Applying while doing your masters degree is a good call. While it is possible to get in with only an undergrad degree, the caliber of applicants is getting more impressive year on year.

I know our firm does off cycle internships and I think quite a few others do so as well. This is simply my opinion, but I reckon getting on an off cycle internship is generally easier simply because there are less applicants.

Unfortunately, there is no straightforward answer to your second question. Overall, yes, I do find the work very engaging. You deal with very senior people in companies that generate often USD 1bn+ in revenues. You work on a wide variety of projects (pricing, new operating model, client segmentation, etc.) and are given significant responsibilities on day one.

Even a due diligence can be very interesting. Yes, you often learn about very random industries. However, it also allows you to realize how many opportunities exist in traditional markets. Quite a number of times I have worked on a company which generated several hundred million dollars in turnover but was managed in a fairly atrocious way. This is enlightening if you ever wish to start your own business. At least that is my opinion.

    • 1
Mar 24, 2014

How many years of experience did you have before moving to your current gig? You are at the analyst position right now? What salary point did they start you off at - if you can share this?


Mar 24, 2014

I had 1-2 years of experience before moving jobs but yes, I moved to the bottom of the ladder but have been promoted since. Several reasons why I decided to do this:

1) Consulting is not an easy job. The hours are long and you are required to master a wide variety of skills in a short amount of time. I have seen too many people hired for a position they did not have the skills for and simply crash and burn. I preferred to take a bit more time to climb the ladder but still be there after a couple of years.

2) You get promoted faster if you have prior experience. While I did start as an analyst, I was able to master some of the skills a lot faster than if I had started with no prior experience at all.

3) It is easier to get hired. No explanation needed for this one I think.

In terms of salary, it is pretty much similar to an IB salary. However, bonus is a lot lower and salary does not grow as fast. Also, while hours are long (regularly finish after 23h00 on projects), they are nothing compared to IB hours AND you rarely have to work on week ends (at least within my firm).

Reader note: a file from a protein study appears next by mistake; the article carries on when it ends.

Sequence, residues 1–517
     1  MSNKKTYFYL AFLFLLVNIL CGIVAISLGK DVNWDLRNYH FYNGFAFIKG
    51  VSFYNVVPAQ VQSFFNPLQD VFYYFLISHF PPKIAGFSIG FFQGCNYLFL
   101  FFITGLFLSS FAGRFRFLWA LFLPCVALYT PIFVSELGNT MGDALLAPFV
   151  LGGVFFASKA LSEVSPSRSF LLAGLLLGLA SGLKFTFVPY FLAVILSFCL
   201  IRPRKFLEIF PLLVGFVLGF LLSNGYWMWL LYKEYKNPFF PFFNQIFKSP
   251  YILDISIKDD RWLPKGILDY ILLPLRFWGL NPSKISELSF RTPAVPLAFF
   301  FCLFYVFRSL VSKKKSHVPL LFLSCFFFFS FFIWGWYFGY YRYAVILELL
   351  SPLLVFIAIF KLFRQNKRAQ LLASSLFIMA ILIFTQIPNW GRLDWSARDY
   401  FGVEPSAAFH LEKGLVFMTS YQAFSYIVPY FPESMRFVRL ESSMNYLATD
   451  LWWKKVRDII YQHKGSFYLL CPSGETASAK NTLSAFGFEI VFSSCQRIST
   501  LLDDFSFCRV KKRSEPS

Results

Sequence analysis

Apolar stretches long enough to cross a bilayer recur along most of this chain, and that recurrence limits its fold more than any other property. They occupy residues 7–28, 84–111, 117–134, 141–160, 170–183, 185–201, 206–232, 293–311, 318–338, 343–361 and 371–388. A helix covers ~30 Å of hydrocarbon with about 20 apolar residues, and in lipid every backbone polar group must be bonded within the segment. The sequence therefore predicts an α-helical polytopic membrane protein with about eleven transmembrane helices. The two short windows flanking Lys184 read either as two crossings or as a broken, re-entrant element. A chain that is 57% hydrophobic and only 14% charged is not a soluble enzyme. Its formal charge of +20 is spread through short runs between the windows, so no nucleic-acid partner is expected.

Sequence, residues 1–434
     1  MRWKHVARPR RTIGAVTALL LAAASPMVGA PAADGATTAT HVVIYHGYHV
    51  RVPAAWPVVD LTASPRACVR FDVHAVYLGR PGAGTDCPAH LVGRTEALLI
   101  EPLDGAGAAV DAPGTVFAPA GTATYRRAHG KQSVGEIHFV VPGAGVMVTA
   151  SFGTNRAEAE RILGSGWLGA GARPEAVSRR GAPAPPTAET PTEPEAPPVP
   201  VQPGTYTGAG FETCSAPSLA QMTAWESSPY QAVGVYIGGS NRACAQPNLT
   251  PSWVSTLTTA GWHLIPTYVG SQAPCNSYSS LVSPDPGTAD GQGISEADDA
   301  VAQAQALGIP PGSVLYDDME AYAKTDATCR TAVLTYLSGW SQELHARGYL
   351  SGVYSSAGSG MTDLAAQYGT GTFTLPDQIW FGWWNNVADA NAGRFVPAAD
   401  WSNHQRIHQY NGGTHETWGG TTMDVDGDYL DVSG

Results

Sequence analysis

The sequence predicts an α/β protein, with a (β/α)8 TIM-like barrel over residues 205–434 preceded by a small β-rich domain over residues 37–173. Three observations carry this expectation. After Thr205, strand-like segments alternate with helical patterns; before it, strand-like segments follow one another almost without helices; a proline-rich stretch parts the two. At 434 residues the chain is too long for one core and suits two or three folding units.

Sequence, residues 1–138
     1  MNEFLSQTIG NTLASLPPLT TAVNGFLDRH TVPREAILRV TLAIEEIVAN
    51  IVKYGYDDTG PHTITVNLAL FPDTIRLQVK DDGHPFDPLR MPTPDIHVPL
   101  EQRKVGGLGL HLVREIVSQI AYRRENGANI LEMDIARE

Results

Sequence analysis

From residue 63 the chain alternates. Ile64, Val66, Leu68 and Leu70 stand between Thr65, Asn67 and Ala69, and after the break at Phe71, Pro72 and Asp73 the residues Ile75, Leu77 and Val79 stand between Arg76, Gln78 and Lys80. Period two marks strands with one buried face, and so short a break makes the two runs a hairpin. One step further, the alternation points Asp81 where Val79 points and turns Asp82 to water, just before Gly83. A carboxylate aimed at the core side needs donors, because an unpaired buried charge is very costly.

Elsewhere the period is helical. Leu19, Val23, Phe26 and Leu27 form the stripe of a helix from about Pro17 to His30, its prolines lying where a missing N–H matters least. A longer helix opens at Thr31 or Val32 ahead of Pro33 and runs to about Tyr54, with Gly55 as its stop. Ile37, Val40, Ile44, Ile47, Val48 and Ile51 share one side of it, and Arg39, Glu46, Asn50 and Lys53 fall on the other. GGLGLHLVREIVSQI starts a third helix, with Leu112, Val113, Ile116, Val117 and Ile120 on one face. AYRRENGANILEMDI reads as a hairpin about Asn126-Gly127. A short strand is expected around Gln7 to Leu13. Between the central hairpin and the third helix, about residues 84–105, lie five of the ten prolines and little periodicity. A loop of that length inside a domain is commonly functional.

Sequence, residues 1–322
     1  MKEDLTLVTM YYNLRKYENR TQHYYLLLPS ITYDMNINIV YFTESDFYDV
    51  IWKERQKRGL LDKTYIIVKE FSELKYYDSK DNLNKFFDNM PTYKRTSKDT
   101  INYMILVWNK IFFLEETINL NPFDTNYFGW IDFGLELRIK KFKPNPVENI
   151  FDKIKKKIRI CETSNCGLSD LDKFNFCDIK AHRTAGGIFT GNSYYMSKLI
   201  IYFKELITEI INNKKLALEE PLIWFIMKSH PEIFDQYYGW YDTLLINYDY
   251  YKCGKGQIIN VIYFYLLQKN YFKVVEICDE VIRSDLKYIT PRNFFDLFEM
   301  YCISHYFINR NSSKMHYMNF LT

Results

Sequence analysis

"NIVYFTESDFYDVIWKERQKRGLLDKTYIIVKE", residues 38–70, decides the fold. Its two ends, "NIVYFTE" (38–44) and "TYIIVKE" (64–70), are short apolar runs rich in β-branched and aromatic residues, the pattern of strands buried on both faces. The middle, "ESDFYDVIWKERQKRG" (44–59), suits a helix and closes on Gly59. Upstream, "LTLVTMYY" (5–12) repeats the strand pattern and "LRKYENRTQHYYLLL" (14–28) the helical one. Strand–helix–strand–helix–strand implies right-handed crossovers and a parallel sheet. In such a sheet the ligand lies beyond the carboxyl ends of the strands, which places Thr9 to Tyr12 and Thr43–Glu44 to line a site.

• 1
Apr 1, 2014

When you mentioned target university in the U.K. Oxbridge comes to mind, did you anyone of them? If yes, what did you study?

"It is our fate to be tormented with large and small dilemmas as we daily wind our way through the risky, fractious world that gave us birth" Edward O. Wilson.

Apr 1, 2014

Hi Nomadchimp,

I may be crucified for saying this but in my opinion, there are four target universities (one of which I attended). These are Cambridge, Oxford, LSE and Imperial. After that, you will have plenty of other very good universities that, while not ranked as highly by recruiters, still give you excellent chances of being hired.

This is only based on my own opinion and you may certainly disagree with me. However, having attended a fair amount of interviews, these four universities were always overrepresented in comparison to the rest of the UK unis.

As for my degree, it was in the vain of history, politics, etc. It was certainly not quantitative and the focus was very much on writing essays.

    • 1
Apr 1, 2014

Hi, i am quite interested about your work in AM. Can you please talk about how a day is like working in your AM?

Apr 1, 2014

Hi Allenn,

I did not have the greatest of experiences in WM/PB but would be happy to talk more about it.

Just to give you a bit of background, I worked in the Investment Management (advisory) arm. While there was no typical day, there were indeed some tasks which came up on a daily basis.

- Analyze the client's portfolio and point out any gaps/red flags. These could be a need to rebalance the portfolio, exposure to a stock which we recently downgraded, etc.
- Calculate the portfolio's performance (yes, calculate, IT was that bad)
- Research a particular market, company, country, etc for a relationship manager
- Create investment proposals for the relationship manager to show to the client

Pretty standard stuff all in all. In terms of hours, I was in the office generally around 7h00-7h30 to study for my CFA, officially started working at 8h30, left around 18h00-20h00 depending on the day, studied CFA for two more hours and then went home.

I don't know if this helps, let me know if you want a breakdown hour by hour and I'll write it down if I find some time this week.

Apr 2, 2014